If your doctor finds that you have been exposed to significant amounts of polychlorinated biphenyls, ask whether your children might also be exposed. Your doctor might need to ask your state health department to investigate.
You and your children may be exposed to PCBs by eating fish or wildlife caught from contaminated locations. Certain states, Native American tribes, and U.S. territories have issued fish and wildlife advisories to warn people about PCB-contaminated fish and fish-eating wildlife. These advisories will tell you what types and sizes of fish and game animals are of concern. An advisory may completely ban eating fish or game or tell you to limit your meals of a certain fish or game type. For example, an advisory may tell you not to eat a certain type of fish or game more than once a month. The advisory may tell you only to eat certain parts of the fish or game and how to prepare or cook the fish or game to decrease your exposure to PCBs. The fish or wildlife advisory may have special restrictions to protect pregnant women, nursing mothers, and young children. To reduce your children's exposure to PCBs, obey these advisories. Additional information on fish and wildlife advisories for PCBs, including states that have advisories, is provided in Chapter 6 (Section 6.7) and Chapter 8 of the toxicological profile. You can consult your local and state health departments or state natural resources department on how to obtain PCB advisories, as well as other important information, such as types of fish and wildlife and the locations that the advisories apply to.
Children should be told that they should not play with old appliances, electrical equipment, or transformers, since they may contain PCBs. Children who live near hazardous waste sites should be discouraged from playing in the dirt near these sites and should not play in areas where there was a transformer fire. In addition, children should be discouraged from eating dirt, and careful handwashing practices should be followed.
As mentioned in Section 1.3 of the profile, workplace exposure to PCBs can still occur during repair and maintenance of old PCB transformers; accidents, fires, or spills involving these transformers or other PCB-containing items; and disposal of PCB materials. If you are exposed to PCBs in the workplace, it may be possible to carry them home from work. Your occupational health and safety officer at work can tell you whether the chemicals you work with may contain PCBs and are likely to be carried home on your clothes, body, or tools. If this is the case, you should shower and change clothing before leaving work, and your work clothes should be kept separate from other clothes and laundered separately.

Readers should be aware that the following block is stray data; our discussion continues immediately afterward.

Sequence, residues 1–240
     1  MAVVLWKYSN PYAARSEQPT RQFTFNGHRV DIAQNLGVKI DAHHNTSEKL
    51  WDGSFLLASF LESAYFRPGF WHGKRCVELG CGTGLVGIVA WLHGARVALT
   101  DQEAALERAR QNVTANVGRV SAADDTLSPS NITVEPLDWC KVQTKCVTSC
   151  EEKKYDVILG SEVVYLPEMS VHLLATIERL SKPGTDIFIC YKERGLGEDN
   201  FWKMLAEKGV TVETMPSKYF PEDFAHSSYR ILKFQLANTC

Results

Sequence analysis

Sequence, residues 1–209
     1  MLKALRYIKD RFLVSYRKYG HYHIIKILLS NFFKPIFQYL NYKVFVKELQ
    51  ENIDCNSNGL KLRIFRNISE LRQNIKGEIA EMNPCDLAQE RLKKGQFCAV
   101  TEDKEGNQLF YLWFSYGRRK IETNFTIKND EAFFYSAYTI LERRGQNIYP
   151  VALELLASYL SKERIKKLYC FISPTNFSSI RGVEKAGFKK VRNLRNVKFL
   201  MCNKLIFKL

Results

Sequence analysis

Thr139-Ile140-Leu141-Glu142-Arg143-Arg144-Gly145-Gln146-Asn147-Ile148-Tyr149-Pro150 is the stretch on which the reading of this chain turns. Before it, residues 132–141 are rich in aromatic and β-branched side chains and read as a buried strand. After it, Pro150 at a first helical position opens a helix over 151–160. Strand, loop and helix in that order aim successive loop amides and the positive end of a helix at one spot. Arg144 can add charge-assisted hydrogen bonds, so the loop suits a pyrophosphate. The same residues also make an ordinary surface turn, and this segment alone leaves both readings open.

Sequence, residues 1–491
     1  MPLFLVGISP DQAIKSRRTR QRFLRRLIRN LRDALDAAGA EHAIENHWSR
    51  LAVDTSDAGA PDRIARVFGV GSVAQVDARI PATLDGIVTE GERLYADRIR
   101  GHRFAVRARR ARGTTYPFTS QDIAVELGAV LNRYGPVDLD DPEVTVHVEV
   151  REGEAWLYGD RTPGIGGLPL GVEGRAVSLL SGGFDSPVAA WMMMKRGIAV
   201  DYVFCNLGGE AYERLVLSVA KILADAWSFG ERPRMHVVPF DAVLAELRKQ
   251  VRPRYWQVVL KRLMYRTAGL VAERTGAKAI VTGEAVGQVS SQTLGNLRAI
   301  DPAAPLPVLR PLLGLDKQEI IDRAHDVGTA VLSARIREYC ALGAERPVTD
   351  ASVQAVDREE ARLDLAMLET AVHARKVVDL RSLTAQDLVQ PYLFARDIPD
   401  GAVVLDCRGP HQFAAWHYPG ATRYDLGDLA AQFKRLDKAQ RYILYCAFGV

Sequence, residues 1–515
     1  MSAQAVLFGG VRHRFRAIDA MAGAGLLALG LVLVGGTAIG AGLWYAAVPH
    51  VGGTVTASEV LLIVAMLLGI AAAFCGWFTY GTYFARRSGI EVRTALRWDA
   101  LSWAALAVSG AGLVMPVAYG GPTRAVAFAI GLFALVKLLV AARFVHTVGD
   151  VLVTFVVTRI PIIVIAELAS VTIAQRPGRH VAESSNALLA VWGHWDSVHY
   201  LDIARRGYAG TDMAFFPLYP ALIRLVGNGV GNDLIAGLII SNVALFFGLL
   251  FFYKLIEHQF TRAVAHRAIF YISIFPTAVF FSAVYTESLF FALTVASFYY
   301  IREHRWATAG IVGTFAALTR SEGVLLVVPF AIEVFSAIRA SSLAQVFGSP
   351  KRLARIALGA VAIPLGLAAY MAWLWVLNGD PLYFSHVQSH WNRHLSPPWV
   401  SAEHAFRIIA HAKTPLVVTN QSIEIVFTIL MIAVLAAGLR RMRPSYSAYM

Levels of PCBs in the environment were zero before PCBs were manufactured. Now, all people in industrial countries have some PCBs in their bodies. There are tests to determine whether PCBs are in the blood, body fat, and breast milk. These are not regular or routine clinical tests, such as the one for cholesterol, but could be ordered by a doctor to detect PCBs in people exposed to them in the environment and at work. If your PCB levels are higher than the background levels, this will show that you have been exposed to high levels of PCBs. However, these measurements cannot determine the exact amount or type of PCBs that you have been exposed to, or how long you have been exposed. Although these tests can indicate whether you have been exposed to PCBs to a greater extent than the general population, they do not predict whether you will develop harmful health effects. Blood tests are the easiest, safest, and probably the best method for detecting recent exposures to large amounts of PCBs. Results of such tests should be reviewed and carefully interpreted by physicians with a background in environmental and occupational medicine. Nearly everyone has been exposed to PCBs because they are found throughout the environment, and people are likely to have detectable amounts of PCBs in their blood, fat, and breast milk. Recent studies have shown that PCB levels in tissues from United States population are now declining.